The nadir for SF in this period came in 1992, with Gerry Adams losing his Belfast West seat to the SDLP and the SF vote falling in the other constituencies that they had contested relative to 1987.

The Peace Process

All-party peace talks were hastened by a series of disastrous IRA attacks, including the killing of people attending a Remembrance Day ceremony in Enniskillen. Multi-party negotiations began in 1994, without Sinn Féin. The Provisional IRA declared a ceasefire in the autumn of 1994. The Conservative government had asked that the IRA decommission all of their weapons before Sinn Féin be admitted to the talks, but the Labour government of Tony Blair let them in on the basis of the ceasefire.

Good Friday Agreement

The talks led to the Good Friday Agreement of 10 April 1998 (officially known as the Belfast Agreement), which set up an inclusive devolved government in the North, and altered the Southern government's constitutional claim to the whole island in Articles 2 and 3 of the Constitution of Ireland. The party has been fully committed to constitutional politics since the Good Friday Agreement, although the unionist demand that the IRA decommission all of its arms led to repeated suspensions of the Assembly. The IRA started decommissioning arms after a deal was agreed restoring the suspended NI Assembly. The attacks of September 11th, 2001 in America have led to a sharp decline in Irish-American tolerance for paramilitary activities.

Increase in support

The party overtook its nationalist rival, the Social Democratic and Labour Party as the largest nationalist party in the 2001 Westminster General Election and Local Election, winning four Westminster seats to the SDLP's three. The party however continues to subscribe to an abstentionist policy towards seats in the Westminster British parliament, as taking the seats they won would require them to swear allegiance to the British monarchy and recognise British jurisdiction over Northern Ireland. The party won 5 TDs in the 2002 Republic general election, an increase of four.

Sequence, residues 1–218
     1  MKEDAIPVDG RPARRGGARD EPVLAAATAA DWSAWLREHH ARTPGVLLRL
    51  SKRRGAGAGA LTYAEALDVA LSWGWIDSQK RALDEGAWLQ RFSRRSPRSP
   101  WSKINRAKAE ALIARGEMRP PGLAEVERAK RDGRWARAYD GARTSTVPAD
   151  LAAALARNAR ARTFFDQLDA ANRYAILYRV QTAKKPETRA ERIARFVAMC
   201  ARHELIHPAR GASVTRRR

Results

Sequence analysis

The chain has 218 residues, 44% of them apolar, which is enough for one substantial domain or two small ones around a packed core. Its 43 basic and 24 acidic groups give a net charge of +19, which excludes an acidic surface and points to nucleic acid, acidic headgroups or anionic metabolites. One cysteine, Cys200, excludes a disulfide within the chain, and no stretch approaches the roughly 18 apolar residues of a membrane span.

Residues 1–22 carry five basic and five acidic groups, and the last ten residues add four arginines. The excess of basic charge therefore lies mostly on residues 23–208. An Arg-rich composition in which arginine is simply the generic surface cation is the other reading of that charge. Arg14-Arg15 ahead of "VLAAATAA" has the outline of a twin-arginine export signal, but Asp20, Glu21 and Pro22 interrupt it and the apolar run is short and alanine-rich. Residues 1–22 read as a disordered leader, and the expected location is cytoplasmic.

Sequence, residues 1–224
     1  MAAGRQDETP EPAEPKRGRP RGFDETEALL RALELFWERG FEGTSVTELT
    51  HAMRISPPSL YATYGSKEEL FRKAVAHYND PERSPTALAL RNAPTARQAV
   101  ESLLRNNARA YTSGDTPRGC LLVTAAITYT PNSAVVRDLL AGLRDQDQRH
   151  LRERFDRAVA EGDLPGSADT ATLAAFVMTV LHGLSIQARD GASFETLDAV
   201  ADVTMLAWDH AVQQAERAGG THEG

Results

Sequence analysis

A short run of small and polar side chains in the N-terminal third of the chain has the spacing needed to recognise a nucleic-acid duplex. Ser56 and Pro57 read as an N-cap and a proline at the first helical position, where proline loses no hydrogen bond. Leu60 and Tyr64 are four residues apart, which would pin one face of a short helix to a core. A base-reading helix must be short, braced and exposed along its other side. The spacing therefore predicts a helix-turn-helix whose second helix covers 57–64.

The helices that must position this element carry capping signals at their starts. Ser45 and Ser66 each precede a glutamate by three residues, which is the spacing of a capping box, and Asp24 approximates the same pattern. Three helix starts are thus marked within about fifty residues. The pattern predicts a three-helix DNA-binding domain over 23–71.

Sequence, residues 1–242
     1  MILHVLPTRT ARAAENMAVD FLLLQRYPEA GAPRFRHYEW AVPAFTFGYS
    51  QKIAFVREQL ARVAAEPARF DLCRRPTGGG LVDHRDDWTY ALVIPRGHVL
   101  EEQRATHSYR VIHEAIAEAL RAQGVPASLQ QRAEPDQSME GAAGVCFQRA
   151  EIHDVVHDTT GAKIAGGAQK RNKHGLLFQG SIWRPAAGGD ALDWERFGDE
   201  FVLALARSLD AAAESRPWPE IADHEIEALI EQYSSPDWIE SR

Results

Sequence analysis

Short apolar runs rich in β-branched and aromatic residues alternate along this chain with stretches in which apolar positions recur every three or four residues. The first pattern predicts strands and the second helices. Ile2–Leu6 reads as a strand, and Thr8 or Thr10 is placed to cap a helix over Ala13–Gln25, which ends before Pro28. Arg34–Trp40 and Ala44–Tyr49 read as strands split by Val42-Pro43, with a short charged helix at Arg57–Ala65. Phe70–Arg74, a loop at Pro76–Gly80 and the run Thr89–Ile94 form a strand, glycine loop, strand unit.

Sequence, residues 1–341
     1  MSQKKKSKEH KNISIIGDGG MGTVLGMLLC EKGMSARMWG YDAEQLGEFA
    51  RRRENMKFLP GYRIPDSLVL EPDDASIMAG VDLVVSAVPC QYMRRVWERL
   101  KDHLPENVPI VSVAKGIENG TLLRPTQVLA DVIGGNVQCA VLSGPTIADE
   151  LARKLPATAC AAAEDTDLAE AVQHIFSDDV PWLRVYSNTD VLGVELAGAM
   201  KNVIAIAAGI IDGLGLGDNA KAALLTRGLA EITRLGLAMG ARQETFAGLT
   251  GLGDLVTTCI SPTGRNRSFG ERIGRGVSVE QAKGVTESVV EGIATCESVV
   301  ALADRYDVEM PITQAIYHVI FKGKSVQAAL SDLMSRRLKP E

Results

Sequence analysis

It went on to increase its domination of the nationalist vote in the 2003 Assembly elections, with Martin McGuinness, previously Minister for Education, in line to take the post of Deputy First Minister in the Northern Ireland Power-Sharing Executive Committee, should the executive be reformed. However, the electoral success of the hardline anti-Agreement Democratic Unionist Party, which replaced the Ulster Unionist Party as the leading unionist party, is thought to make the prospect of setting up a new executive less likely. Some critics of Sinn Féin allege that the DUP's electoral success, and its resulting threat to the Agreement, was contributed to by the failure of the PIRA to decommission its weapons, a decision that seriously undermined the ability of the pro-Agreement David Trimble to win majority unionist community support. Sinn Féin does not accept that allegation and sees little difference between the two unionist parties.

For a period of time after 1999 (when Democratic Left, who had a councillor in Dungannon, merged with Labour), Sinn Féin was the only Irish party with elected representatives on both sides of the border. The Green Party in Northern Ireland voted to become a region of the Irish Green Party in 2005. Several other parties organise on both sides of the border, including Fianna Fáil and the Irish Labour Party.

Latest developments

When Sinn Féin and the DUP became the largest parties of the two communities, it was clear (because of the dual majority required by the Good Friday Agreement) that no deal could be made without the support of both parties. They nearly reached a deal in November 2004, but the DUP had a requirement for visible evidence that decommissioning had been carried out. Sinn Féin then withdrew from talks with the British Government because they refused to provide this visible evidence.